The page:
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  1. May 5, 2012 #1
    My purpose is to learn physics, chemistry and biology.I don't want to have a PhD level knowledge in 3 days, but I do want to have a better understanding of how the world works and be able to do things myself.Not in 3 days of course, but I like short(depending on subject) and clear explanations.

    I tried school for 12 years since 7 till 19, but that didn't help much.I've learned something, but it's nothing compared to what has been taught.The worst thing is that I'm not an exception.

    I'm disappointed of most formal educational systems, so I'm not thinking about going to university.The thing I'm most dissatisfied about is that people become too specialized for one thing and don't know anything more.One PhD to screw out the light bulb, another 2 to screw in a new one.I want to be a jack of all trades, a master of... several ;D
    Another thing I don't like is pure theory, unnecessary terms and other stuff complicating the understanding of the subject.

    The best online resource I was able to find is khanacademy.org but it has no practical demonstrations and the order of the lessons is messy.I also understand some things from the high school and some don't.

    Do you know a website where I could take a test and it would say which subject I know and where I need more practice ? (for physics)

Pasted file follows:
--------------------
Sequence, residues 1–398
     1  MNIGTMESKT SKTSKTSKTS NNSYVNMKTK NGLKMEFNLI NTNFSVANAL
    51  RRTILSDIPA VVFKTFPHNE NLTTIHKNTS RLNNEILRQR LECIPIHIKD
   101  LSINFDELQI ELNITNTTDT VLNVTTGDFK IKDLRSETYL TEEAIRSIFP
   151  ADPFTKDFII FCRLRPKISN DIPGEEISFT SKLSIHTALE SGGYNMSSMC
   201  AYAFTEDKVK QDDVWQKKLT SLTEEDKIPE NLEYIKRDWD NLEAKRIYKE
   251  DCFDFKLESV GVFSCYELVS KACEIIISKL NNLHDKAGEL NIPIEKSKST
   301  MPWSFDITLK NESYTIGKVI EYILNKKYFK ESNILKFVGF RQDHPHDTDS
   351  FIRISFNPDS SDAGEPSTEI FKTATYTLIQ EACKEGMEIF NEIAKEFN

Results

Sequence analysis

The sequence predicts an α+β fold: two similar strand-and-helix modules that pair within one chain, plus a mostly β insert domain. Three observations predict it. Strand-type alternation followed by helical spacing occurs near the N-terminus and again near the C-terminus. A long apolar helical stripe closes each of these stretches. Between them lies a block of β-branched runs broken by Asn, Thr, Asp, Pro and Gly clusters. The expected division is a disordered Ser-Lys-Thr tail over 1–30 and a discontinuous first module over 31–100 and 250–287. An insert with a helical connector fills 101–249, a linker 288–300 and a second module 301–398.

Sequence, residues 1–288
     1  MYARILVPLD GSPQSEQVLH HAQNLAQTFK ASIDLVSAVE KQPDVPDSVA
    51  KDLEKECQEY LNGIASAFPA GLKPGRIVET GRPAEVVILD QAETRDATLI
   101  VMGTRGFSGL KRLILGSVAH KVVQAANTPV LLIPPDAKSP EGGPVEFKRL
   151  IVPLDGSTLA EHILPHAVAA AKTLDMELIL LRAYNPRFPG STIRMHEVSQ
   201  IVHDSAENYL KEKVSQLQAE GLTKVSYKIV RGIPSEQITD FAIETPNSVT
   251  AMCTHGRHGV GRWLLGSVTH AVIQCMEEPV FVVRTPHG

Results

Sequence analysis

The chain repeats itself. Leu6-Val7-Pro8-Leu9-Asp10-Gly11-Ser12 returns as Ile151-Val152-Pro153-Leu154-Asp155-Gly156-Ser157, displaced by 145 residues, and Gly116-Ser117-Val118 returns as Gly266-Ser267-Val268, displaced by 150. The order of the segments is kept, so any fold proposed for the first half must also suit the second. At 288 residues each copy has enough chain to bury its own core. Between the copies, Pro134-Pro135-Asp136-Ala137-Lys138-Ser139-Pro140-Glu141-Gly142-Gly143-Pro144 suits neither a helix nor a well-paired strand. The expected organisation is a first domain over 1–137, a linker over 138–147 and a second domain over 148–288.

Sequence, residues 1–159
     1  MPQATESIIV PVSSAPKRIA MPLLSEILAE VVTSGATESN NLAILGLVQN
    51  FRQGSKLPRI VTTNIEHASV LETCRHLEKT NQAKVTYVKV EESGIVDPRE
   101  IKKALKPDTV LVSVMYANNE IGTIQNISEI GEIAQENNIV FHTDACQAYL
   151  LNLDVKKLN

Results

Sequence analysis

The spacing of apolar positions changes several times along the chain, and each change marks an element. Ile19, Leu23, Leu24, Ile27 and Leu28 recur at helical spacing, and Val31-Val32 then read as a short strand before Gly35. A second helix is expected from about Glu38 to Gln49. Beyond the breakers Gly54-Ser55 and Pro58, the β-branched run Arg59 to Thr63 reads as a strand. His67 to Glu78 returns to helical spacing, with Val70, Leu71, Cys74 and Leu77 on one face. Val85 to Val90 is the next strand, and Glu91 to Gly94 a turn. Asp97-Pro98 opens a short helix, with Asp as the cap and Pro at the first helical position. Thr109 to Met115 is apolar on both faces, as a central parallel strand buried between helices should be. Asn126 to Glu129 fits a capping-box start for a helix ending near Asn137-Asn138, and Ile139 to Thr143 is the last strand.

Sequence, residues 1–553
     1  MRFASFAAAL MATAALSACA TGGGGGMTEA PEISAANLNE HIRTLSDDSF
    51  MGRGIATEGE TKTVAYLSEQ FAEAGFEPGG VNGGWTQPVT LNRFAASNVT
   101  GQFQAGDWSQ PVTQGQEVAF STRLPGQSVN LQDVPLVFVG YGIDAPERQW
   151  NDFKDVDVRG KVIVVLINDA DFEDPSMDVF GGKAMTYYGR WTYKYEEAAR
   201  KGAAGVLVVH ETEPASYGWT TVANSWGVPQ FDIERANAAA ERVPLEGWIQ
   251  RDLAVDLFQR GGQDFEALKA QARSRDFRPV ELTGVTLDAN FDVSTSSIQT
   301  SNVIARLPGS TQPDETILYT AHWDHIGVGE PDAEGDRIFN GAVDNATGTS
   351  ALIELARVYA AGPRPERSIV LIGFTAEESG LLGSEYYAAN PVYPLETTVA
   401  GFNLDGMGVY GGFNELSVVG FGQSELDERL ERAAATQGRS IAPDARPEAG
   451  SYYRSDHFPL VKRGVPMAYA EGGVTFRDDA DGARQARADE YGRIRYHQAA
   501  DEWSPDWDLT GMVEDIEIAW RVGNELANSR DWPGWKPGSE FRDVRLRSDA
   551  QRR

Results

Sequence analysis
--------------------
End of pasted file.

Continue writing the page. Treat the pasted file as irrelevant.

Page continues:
I also search for some gradual table of contents of physics where I could see which topics I should learn first that I don't get into situation where I wouldn't understand a topic because of lack of knowledge from other topics.

    I will look forward to your offers :)
  2. jcsd
  3. May 5, 2012 #2
    A former professor of mine made a page dedicated to what you need to know to become a good theoretical physicist, along with learning material and everything, all learning material is available online. It is truly a good place to go for physics. The other sciences I know nothing of, so can't help you there.

    Mind you, the list of things to study is really long, thousands of hours of work literaly, but physics is a big field (I can know since I spent thousands of hours on physics and don't know all on this list). The man is however extremely smart and this material can get you there.
    Last edited: May 5, 2012
  4. May 5, 2012 #3
    Thanks.That seems to be a good table of contents, though information in the links seem to be quite boring.Is it only me expecting science to be both informative and entertaining ? ;D
  5. May 7, 2012 #4
    Read Six Easy Pieces by Richard Feynmann. Then, read Six No So Easy Pieces.
    You can read these books like a novel, and they teach you a great foundation of physics. If you like them, I'll recommend more later.
  6. May 7, 2012 #5
    Agreed, I can't wait for Six Easy Pieces to come in the mail!

    I would also recommend checking out Cosmos by Carl Sagan.
  7. May 8, 2012 #6
    Thanks guys, Feynmann and Sagan sounds promising :)
  8. May 8, 2012 #7


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    You should know that there is a difference between learning physics, and learning ABOUT physics. It appears that you wish to learn the latter, not the former. This is fine as long as you don't fall under the delusion that you are learning physics. Learning about physics gives you a superficial idea of various aspects of physics, but it is a piece of knowledge that you can't do much with. As Mies Van deRohe used to say, the devil is in the DETAILS. To get the details, you have to learn physics, what you dismissed as "specialization".

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